Jump to content
Icehockeyplayer

Spinnerbait spacer beads

Recommended Posts

I use 1/8" and 4mm beads on small to average size spinnerbaits with .040" wire or thinner. I prefer 1/8" beads on small spinnerbaits (1/4 oz) as they are a bit smaller than 4mm. I use the 4 mm on typical 1/2 oz and 3/4 oz spinnerbaits.  For 3/8 oz spinnerbaits, I use 1/8" beads if I have them otherwise I just go with 4mm.

You have to check the hole size in the bead and make sure the spinnerbait wire will go though it. The hole size can vary depending on seller. The hole size on the 4 mm beads I bought is 1.2mm or  .047". You will need bigger beads for heavy spinnerbaits with .051" wire and possibly .045".  The 4 mm beads I bought usually slide on .045" but sometimes they don't. There can be small variations in the hole size in a given pack so don't cut it too close.

For larger spacing like separating 2 willows blades,  I use spacer sleeves like Jig Man or clear spacer tubing.

Edited by JD_mudbug
Link to post
Share on other sites

On the blade arm of the spinnerbait wire, I usually put a bead before and after the clevis to give the clevis a bearing to spin on.The front bead helps the clevis to keep spinning if the bait goes through lake snot. I also usually put a bead after the spacer sleeves and before the loop the swivel goes on. I just do this in case I am not perfect in bending my loop. The last bead prevents the spacer sleeve from potentially sliding into the loop.

Pic - I spaced out the components to make them easier to see. Order put on the arm:  bead, clevis with front blade, bead, spacer sleeve(s), bead, end of wire loop with swivel and rear blade.

The beads on this bait are 1/8". The frame is a compact hidden weight LPO frame.

Full pic of the bait is in this post.

http://www.tackleunderground.com/community/topic/37610-blade-weight/

spinnerbait arm.jpg

Edited by JD_mudbug
Link to post
Share on other sites

I sort of figured that was what you were thinking, but wasn't sure, lol. I thought there might be a very slim chance you had a weird way to build spinnerbaits and was curious as to how it could be done without at least one bead behind the clevis to prevent the spacer sleeve from wearing through the end of the clevis.

I never thought of beads as spacers until I started targeting pike. On pike/musky spinnerbaits, alot of companies do not use spacer sleeves or tubing. They just use a whole bunch of beads as spacers. I don't really like the look of 6 beads in a row. Maybe it's marketing to make them appear more similar to bucktails. 

I have made some with extra beads for pike/musky just to throw in some more obnoxious color. I have not noticed those baits performing any better than those using sleeves.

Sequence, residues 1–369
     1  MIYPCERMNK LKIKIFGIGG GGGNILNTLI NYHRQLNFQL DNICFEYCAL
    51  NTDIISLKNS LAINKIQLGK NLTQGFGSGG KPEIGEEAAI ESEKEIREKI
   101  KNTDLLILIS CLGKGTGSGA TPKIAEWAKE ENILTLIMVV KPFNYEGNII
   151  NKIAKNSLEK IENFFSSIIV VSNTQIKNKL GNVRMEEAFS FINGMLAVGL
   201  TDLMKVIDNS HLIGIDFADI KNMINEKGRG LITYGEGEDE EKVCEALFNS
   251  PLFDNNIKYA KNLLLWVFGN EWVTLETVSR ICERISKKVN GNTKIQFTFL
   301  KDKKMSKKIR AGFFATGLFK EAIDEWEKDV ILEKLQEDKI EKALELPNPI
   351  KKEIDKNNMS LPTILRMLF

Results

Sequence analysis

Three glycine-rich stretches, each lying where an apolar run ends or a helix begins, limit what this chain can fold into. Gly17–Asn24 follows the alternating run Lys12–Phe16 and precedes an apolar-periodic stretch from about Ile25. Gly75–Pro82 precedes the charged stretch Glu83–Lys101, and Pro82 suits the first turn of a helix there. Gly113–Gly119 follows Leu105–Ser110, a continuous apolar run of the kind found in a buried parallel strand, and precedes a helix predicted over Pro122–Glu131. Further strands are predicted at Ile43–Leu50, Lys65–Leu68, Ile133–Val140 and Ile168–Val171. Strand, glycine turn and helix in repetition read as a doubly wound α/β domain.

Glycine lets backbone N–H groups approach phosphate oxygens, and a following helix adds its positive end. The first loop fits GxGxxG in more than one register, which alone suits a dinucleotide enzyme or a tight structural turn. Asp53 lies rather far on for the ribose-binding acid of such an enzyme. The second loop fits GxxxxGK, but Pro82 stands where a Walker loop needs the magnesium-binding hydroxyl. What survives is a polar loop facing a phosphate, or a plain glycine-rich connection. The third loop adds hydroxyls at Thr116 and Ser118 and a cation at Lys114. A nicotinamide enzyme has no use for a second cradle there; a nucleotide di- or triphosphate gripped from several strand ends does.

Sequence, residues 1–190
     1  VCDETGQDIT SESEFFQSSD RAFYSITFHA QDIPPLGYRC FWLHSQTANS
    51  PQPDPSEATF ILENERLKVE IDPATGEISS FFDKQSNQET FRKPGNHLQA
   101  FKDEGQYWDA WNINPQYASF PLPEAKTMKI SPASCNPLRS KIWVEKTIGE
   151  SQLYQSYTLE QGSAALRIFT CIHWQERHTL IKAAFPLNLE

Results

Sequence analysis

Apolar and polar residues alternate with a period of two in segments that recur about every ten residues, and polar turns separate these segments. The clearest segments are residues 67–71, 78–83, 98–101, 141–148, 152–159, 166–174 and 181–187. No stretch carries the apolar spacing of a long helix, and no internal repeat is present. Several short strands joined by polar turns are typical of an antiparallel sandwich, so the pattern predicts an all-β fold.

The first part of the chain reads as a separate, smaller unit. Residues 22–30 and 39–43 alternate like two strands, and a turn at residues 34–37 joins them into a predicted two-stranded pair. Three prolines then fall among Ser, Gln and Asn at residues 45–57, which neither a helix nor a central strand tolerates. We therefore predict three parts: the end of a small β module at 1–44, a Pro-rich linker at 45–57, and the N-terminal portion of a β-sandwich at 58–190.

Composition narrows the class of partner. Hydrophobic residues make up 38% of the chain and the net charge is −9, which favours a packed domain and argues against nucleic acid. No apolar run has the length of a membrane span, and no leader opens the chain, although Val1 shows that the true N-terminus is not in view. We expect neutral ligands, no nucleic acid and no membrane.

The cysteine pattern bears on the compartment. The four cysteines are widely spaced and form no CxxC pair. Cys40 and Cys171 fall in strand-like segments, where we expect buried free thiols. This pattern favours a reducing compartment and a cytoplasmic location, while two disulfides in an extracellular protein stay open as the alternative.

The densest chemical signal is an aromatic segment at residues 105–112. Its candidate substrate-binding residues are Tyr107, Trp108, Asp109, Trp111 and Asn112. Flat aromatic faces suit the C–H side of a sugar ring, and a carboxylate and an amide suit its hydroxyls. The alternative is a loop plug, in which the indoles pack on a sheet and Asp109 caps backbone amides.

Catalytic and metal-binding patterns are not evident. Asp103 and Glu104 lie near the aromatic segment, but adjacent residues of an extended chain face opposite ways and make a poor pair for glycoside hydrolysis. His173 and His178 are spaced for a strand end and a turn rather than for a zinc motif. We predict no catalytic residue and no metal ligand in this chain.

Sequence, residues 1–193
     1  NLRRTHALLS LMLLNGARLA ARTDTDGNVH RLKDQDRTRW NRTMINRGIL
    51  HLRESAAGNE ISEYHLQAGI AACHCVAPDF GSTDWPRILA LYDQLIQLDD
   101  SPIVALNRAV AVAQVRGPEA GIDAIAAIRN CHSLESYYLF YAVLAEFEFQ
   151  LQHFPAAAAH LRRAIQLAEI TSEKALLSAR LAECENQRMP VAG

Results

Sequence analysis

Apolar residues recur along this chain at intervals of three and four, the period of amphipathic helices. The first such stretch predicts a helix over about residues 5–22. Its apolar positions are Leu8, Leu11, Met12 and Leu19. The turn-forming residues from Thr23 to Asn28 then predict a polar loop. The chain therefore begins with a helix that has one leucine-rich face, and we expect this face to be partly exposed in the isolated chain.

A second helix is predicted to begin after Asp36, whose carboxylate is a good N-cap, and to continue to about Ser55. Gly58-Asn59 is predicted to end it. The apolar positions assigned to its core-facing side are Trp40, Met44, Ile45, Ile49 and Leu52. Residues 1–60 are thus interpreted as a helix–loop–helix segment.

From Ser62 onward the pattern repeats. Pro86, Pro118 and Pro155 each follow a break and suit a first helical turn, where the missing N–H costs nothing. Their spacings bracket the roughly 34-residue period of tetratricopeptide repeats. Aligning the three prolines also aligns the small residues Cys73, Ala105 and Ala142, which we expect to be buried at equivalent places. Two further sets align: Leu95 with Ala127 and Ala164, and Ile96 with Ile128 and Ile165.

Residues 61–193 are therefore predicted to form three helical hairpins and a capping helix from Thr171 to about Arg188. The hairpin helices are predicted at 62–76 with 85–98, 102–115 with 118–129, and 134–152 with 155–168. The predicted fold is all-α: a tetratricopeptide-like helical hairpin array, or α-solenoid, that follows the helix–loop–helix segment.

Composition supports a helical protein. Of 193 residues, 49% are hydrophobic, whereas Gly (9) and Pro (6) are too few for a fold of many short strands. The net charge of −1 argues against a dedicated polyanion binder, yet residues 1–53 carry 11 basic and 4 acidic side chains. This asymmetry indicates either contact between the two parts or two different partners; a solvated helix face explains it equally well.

spinnerbait arm2.jpg

Link to post
Share on other sites
16 hours ago, JD_mudbug said:

On the blade arm of the spinnerbait wire, I usually put a bead before and after the clevis to give the clevis a bearing to spin on.The front bead helps the clevis to keep spinning if the bait goes through lake snot. I also usually put a bead after the spacer sleeves and before the loop the swivel goes on. I just do this in case I am not perfect in bending my loop. The last bead prevents the spacer sleeve from potentially sliding into the loop.

Pic - I spaced out the components to make them easier to see. Order put on the arm:  bead, clevis with front blade, bead, spacer sleeve(s), bead, end of wire loop with swivel and rear blade.

The beads on this bait are 1/8". The frame is a compact hidden weight LPO frame.

Full pic of the bait is in this post.

http://www.tackleunderground.com/community/topic/37610-blade-weight/

spinnerbait arm.jpg

This is how I do it as well with hollow beads and leader sleeves. I will not use a plastic bead for metal to rotate on as it just is a bad idea.

 

Allen

  • Like 1
Link to post
Share on other sites

What diameter/type of wire do you use?  I've got some .032" SS wire that holds its shape pretty well (not like lock wire).  I don't pour lead yet, so I'd be making spinner forms sort of like those in the pictures I attached.  Is .032" too small for bass?  This is new territory for me.

Spinner wire.JPG

Inline spinner wire.JPG

Link to post
Share on other sites

I use .032 on 1/4 oz and some 3/8 oz compact frame spinnerbaits for bass.  

.035" wire on large frame 3/8 oz baits and most 1/2 oz spinnerbaits.   

.040" wire on 3/4 oz spinnerbaits and some 1/2 oz for targeting pike.   

.051" on 1 oz and heavier spinnerbaits. I only have a couple of .062 wire spinnerbaits for pike/musky because that wire is such a pain to bend. 

The longer the wire and/or the heavier the head, I lean to the thicker wire. The more compact the frame and lighter the head, I lean to the thinner wire. 

On a straight in-line spinner, you could get away with .032 on 1/2 oz bass bait. Less flexing of the wire on an in-line spinner.

As an alternative to pouring lead, you could get some of the LPO unpainted spinnerbait heads. I like the minn-o-spin, the signature spin, and the hidden weight heads. Those heads have good hooks, Mustads and Gamies. 

https://www.lurepartsonline.com/Minn-O-Spin-Spinnerbaits?page=1

https://www.lurepartsonline.com/Lure-Making/Shop-By-Product-Category/Jigs-Spinnerbaits-Buzzbaits/Spinnerbait-Heads/Bass-Spinnerbait-Heads?page=1

 

Edited by JD_mudbug
  • Like 1
  • Thanks 1
Link to post
Share on other sites

Join the conversation

You can post now and register later. If you have an account, sign in now to post with your account.
Note: Your post will require moderator approval before it will be visible.

Guest
Reply to this topic...

×   Pasted as rich text.   Paste as plain text instead

  Only 75 emoji are allowed.

×   Your link has been automatically embedded.   Display as a link instead

×   Your previous content has been restored.   Clear editor

×   You cannot paste images directly. Upload or insert images from URL.

Loading...

×
×
  • Create New...
Top